The IBM 350 disk drive storage development led to the breakthrough of on-line computer systems by providing the first storage device with random access to large volumes of data. Since its introduction on September 4, 1956, it has become the primary computer bulk-storage medium, displacing…Read More
With its landscaped embankments, limited access, and depressed roadway, Arroyo Seco Parkway (now known as the Pasadena Freeway) became the prototype of the Los Angeles freeway system. Motorists enjoy a scenic drive featuring landscaped embankments lush with native chaparral. The curving…Read More
Soon after gold was discovered at Sutter's Mill near Sacramento in 1848, General John Bidwell found gold near the Middle Fork of the Feather River. His discovery brought hordes of miners to the scene and Bidwell Bar was born. The Bidwell Bar Suspension Bridge over the Feather River was one of…Read More
All building materials were made fire-resistant to protect against incendiary bombing. Treatment involved a vacuum process of salt impregnation. During construction, high winds caused a partial collapse of some members. The ruined materials were piled for incineration, but would not burn; so the…Read More
A product of the Northern California Gold Rush, the Bridgeport Covered Bridge is believed to be the longest, single-span, wooden covered bridge in the United States. Crossing the south fork of the Yuba River at a span of 233 feet, the bridge was built by the Virginia City Turnpike Company as…Read More
Stretching 242 miles from the Colorado River on the California-Arizona border to its final holding reservoir near Riverside, California, the Colorado River Aqueduct consists of more than 90 miles of tunnels, nearly 55 miles of cut-and-cover conduit, almost 30 miles of siphons, and five…
Established in 1929, and owned by several different aviation companies through its history, the Downey site was the design, test, and production site for various airplanes and spacecraft that defined American aerospace accomplishments in the 20th century. Its rich legacy includes the P-51…Read More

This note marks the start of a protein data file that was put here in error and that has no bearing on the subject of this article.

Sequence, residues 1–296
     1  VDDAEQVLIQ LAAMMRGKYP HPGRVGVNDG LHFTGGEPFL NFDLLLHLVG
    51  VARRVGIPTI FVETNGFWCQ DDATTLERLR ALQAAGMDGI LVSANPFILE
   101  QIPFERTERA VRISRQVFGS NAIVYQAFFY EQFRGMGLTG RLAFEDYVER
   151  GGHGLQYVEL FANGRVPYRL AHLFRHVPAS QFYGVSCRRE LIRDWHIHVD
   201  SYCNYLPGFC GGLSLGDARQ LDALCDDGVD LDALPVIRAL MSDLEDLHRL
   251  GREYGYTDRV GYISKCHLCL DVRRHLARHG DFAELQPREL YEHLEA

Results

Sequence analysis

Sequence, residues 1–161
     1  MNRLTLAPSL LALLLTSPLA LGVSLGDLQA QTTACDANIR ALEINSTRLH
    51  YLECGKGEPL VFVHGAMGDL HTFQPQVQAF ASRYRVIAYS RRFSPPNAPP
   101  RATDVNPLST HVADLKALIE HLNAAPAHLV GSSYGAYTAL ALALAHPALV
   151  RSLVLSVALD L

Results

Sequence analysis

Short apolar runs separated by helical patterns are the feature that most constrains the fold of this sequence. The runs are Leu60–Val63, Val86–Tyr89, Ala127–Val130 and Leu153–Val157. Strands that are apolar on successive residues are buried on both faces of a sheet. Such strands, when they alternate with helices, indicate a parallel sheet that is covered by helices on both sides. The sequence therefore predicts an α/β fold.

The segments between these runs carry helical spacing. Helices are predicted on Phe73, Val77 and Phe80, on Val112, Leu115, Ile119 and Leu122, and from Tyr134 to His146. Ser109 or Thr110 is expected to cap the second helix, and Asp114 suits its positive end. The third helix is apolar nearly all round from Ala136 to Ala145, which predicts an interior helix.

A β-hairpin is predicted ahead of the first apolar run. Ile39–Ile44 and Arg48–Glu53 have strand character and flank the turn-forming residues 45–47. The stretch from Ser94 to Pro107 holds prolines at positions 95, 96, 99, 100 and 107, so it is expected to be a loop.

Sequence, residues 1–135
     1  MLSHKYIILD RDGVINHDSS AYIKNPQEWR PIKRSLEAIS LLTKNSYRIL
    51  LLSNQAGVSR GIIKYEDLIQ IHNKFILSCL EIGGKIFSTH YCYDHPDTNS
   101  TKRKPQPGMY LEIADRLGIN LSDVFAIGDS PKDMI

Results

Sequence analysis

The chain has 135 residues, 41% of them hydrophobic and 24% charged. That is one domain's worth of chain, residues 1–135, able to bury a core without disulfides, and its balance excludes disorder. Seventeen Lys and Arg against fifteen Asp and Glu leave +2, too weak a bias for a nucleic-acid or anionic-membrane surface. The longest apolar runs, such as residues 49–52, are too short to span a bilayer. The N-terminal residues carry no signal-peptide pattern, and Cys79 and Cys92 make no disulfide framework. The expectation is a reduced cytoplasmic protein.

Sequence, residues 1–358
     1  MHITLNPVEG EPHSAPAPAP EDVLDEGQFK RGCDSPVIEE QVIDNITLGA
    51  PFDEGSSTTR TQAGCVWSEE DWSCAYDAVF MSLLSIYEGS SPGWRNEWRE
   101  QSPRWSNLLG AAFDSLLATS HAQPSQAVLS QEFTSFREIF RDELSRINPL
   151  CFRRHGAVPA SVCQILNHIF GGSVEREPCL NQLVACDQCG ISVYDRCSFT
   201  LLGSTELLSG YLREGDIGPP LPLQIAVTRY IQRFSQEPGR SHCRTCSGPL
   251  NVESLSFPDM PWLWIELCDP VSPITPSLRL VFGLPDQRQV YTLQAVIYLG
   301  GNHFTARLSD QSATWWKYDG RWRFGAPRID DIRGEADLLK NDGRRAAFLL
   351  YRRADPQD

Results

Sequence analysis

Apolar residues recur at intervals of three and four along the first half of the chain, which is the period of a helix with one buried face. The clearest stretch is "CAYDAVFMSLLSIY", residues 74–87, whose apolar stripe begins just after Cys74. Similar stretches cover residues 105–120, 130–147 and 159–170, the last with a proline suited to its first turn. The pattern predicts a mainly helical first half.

"The State [of California] agreed to construct the dam using convict labor for which consideration the State received a grant of land for the construction of a prison and water power rights from the impounded water ...; The work progressed slowly during the dry season by disinterested convict…Read More
The historic Folsom Power House #1 marks one of the first successful uses of hydroelectric power in the world and the first successful transmission of power long distance (twenty-two miles to Sacramento). The old Folsom Power House still shelters the machinery generated to drive streetcars and…Read More
The Fresno scraper established the basis for the modern earthmoving scraper, being able to scrape and move a load of soil, then discharge it at a controlled depth. It quadrupled the productivity of manual labor, replacing hand shoveling of earth into horse carts.
James Porteous, a…Read More
Gilman Hall, built in 1916-1917, accommodated a growing College of Chemistry by providing expanded research and teaching facilities for faculty and students specializing in physical, inorganic and nuclear chemistry. Work performed at Gilman Hall helped advance the fields of chemical…Read More
Put in service in 1937, this world-renowned bridge, conceived by Joseph Strauss and designed largely by Charles Ellis, was the longest single span (4,200 feet) in the world for a quarter century.
As with many civil engineering projects in their conceptual stages, naysayers scoffed at the…Read More
The first practical demonstration of this tractor took place in a peat field on Roberts Island on November 24, 1904, and was patented and in production by December of 1907. The existing machine represents the earliest gasoline-powered track-type tractors that were to help revolutionize…Read More
When completed in 1888 to a height of 90 feet, Sweetwater Dam was once the tallest masonry arch dam in the United States, and it led to many others of the same basic design. The original construction began in November 1886 under the direction of Frank E. Brown (civil engineer for Bear Valley Dam…Read More